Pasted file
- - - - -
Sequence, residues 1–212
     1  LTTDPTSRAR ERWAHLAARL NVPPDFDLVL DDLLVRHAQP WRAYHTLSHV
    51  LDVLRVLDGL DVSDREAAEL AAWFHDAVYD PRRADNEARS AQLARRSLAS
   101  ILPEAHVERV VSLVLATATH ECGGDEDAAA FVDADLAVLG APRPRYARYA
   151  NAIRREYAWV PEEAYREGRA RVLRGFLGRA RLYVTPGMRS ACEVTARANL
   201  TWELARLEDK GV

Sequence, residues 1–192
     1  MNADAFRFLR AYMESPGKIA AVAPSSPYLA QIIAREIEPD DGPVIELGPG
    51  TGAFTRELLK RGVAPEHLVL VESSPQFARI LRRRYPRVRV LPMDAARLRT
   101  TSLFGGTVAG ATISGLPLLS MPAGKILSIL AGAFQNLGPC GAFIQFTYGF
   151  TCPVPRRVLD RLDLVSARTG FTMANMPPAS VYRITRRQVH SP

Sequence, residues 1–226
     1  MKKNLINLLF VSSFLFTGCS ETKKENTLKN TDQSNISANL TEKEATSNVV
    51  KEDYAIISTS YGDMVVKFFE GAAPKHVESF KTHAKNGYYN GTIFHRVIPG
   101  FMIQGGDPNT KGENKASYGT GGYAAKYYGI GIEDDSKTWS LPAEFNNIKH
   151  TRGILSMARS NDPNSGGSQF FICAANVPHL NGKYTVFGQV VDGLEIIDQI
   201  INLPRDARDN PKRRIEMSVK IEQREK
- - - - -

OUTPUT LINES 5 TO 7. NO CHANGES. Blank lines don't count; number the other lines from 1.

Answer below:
   151  NAIRREYAWV PEEAYREGRA RVLRGFLGRA RLYVTPGMRS ACEVTARANL
   201  TWELARLEDK GV

Sequence, residues 1–192